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Turkey Environmental Profile

These environmental profiles were produced as part of the Green Waqf Initiative by the
Islamic Chamber of Commerce, Industry and Agriculture (ICCIA). ICCIA believes that
the Islamic concept of Waqf can be used as a social financing mechanism to combat
climate change. Through Waqf, the land is decommodified; therefore, it can be used
only for specific purposes defined by the owner. These purposes can include
reforestation, land revitalization and research centers, among others.
This environmental profile has been developed to assess the ecological situation in
Turkey and is part of a series that covers all ICCIA member countries. These profiles
are meant to be used as a source to assist in policy dialogue, stakeholder engagement,
and strategic planning and to help educate and raise awareness about the social,
cultural and economic risks associated with climate change. The profiles provide
relevant information on pertinent public and private sector policies and programs and
the country's adaptation priorities and potentials.

Turkey Environment Profile Team

Author: Fatima Faisal
Editor: Safia Hussain

Table of Contents

  • Turkey Environment Profile
  • Trkey Environment Profile Team
  • About ICCIA
  • About ICCIA
  • About the environmental profile
  • About the environmental profile
  • Section 1: Country Overview
    1. General overview of Turkey
    2. Climate Change Risks
    3. Climate change policies in Turkey
      • Intended Nationally Determined Contributions
      • Ratified Paris Climate Agreement, 2021
      • Green Development Revolution
      • Eleventh Development Plan (2019-2023)
  • Section 2: Sector-wise climate change causes and effects
    1. Agriculture
    2. Tourism
  • Conclusion & Recommendations


The Islamic Chamber of Commerce, Industry, and Agriculture, an institution affiliated with the
Organization of Islamic Corporation (OIC), aims to strengthen collaboration in the fields of trade,
commerce, information technology, banking, insurance, shipping, joint venture, and many others
within member countries.
ICCIA is the sole representative of the private sector in 57 Islamic member countries and primarily
focuses on creating a knowledge platform for the private sector of the Muslim countries to connect
and learn. It provides visibility to the star performers for future growth and access to new markets.
Additionally, it lays out policy recommendations to enable a private-sector-friendly business
environment in policies, processes, paperwork, and payment system integration, to name a few.
Finally, ICCIA plays an integral role in promoting member country products and increasing access
between home and foreign markets.

About the environmental profile

Several experts claim that insufficient climate control policies have become a 'very serious' concern
and have been significantly harming a considerable proportion of the world's population.1 Some top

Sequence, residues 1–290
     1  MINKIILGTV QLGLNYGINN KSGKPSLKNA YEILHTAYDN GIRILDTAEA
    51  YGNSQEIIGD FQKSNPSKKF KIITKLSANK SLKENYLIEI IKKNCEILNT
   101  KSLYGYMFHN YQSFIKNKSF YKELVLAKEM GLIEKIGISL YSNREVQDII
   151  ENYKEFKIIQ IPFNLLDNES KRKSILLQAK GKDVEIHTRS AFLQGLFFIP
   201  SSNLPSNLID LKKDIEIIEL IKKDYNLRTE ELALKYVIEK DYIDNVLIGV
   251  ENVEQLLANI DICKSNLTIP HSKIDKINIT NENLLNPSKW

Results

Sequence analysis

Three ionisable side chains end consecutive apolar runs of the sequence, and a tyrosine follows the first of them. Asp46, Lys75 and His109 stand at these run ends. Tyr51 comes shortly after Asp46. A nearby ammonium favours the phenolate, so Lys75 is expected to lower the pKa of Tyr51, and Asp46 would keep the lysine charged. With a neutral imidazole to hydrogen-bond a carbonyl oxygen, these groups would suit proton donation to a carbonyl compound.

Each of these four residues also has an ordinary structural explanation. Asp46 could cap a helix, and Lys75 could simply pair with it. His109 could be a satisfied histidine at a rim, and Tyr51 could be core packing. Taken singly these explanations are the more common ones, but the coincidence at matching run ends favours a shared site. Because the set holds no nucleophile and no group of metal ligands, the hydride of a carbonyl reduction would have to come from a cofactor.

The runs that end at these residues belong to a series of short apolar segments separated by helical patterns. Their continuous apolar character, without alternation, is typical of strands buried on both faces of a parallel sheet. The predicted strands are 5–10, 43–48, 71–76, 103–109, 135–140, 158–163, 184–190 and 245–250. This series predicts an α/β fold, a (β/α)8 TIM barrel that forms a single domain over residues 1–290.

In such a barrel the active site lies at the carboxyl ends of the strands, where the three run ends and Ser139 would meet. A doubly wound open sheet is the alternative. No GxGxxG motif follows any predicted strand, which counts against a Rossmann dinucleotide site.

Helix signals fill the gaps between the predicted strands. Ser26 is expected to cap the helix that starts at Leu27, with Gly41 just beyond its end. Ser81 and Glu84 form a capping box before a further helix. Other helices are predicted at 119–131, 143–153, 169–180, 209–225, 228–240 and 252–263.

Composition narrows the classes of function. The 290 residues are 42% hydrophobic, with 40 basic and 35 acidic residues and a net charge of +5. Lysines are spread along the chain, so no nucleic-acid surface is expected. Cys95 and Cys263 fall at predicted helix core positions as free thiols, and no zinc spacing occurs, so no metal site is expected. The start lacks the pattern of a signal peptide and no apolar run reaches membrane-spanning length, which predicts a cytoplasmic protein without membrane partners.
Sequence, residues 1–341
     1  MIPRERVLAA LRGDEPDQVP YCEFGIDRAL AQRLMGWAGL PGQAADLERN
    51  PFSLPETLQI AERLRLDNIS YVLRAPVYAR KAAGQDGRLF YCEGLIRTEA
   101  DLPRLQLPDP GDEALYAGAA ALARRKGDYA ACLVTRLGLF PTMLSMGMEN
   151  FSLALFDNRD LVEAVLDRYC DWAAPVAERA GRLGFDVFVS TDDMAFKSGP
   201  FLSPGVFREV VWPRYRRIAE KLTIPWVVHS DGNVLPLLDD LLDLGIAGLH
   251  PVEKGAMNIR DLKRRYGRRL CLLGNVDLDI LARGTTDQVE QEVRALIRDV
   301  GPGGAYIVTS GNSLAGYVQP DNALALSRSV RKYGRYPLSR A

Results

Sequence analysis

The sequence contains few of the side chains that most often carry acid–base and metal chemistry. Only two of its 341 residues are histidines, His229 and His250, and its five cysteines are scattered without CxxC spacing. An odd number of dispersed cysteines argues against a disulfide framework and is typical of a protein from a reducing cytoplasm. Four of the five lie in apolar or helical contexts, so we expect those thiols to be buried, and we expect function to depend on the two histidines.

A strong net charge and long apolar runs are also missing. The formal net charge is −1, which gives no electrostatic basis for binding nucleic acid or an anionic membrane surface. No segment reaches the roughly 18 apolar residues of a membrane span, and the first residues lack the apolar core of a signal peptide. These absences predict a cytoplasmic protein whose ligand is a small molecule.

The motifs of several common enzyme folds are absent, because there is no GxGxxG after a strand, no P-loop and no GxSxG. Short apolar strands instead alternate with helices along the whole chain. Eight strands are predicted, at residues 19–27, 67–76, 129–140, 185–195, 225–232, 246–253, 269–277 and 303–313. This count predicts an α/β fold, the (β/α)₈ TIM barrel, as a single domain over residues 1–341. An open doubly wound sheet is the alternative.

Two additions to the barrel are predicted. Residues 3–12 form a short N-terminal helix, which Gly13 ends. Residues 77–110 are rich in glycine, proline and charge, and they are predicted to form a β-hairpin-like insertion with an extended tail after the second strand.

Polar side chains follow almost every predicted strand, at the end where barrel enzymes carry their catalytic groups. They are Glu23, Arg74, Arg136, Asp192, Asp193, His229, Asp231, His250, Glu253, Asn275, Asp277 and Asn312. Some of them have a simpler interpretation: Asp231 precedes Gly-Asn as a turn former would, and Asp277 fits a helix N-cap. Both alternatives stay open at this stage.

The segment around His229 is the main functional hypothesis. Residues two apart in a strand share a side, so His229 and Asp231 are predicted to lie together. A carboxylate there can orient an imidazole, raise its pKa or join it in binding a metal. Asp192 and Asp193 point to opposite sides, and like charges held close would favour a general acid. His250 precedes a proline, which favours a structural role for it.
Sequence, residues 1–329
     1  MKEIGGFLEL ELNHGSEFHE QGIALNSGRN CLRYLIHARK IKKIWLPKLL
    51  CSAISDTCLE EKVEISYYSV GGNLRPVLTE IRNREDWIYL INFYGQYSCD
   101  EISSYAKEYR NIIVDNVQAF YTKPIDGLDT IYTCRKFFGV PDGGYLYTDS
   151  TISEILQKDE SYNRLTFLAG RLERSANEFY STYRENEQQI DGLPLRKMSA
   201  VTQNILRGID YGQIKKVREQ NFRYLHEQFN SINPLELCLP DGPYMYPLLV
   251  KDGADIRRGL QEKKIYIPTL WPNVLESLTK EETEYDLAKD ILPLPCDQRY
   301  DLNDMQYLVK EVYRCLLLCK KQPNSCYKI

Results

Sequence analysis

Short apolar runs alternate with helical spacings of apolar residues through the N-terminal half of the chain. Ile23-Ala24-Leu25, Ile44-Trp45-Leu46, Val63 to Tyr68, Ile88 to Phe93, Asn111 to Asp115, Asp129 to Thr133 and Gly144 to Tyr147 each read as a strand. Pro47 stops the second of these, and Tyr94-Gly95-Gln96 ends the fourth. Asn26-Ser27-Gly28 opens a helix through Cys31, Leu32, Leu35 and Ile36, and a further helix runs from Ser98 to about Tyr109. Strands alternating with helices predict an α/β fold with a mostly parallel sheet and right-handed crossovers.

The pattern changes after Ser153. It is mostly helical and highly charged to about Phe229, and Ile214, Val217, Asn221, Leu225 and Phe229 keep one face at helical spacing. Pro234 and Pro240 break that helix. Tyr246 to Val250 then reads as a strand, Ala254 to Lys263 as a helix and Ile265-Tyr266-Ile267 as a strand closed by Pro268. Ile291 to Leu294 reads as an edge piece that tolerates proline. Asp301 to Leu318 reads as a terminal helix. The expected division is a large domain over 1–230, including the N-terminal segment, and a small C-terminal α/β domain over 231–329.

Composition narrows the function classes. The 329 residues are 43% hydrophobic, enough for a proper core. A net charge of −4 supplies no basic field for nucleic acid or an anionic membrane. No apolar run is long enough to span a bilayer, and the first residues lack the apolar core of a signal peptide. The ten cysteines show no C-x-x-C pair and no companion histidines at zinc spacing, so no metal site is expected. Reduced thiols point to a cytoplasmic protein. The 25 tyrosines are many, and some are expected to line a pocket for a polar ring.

reasons behind climate change include heat-trapping greenhouse gasses, deforestation, use of heavy
machinery, powering buildings, and cutting down on farming livestock.
ICCIA's recent initiative focuses on promoting environmentally friendly and sustainable practices in
member countries to enhance societal impact, minimize waste, and improve living standards.
Temperatures are expected to increase by 2.5o Celsius in East and Central Turkey and by 1.5o Celsius
in coastal regions by 2050, making Turkey highly susceptible to climate change conditions.

Section 1: Country Overview

General overview of Turkey

Turkey, a massive peninsula, and the bridge that adjoins Europe with Asia, occupies a unique
geographic location. It is covered by the Black Sea, Mediterranean Sea, and Aegean Sea on three
sides and is neighbored by Bulgaria, Greece, Azerbaijan, Armenia, Iran, Georgia, Syria, and Iraq.
Although, most of the country lies in the Asian territory, Turkey shares a fair share of traits with
A total boundary length of approximately 4,000 miles (6,440 km) is marine, encompassing coastlines
along the Black Sea, Aegean, and Mediterranean seas and the narrows that connect the Black and
Aegean seas.2 The Turkish straits encompass the Bosporus, the Sea of Marmara, and the Dardanelles;
Turkey's sovereignty of the straits has served as an important element in its ties with other states.
Moreover, Turkey is primarily a mountainous country, with actual lowland areas limited to the
coastline. One-fourth of the land surface is over 4,000 feet (1,200 meters), while fewer than two-fifths
is under 1,500 feet (460 meters). Mountain peaks exceed 7,500 feet (2,300 meters) in several areas,
particularly in the east, where Turkey's tallest mountain, Mount Ararat, reaches 16,945 feet (5,165
meters) along the borders with Armenia and Iran.3
Waqf is a crucial part of Turkey’s land development and law. Unlike other Muslim countries, it is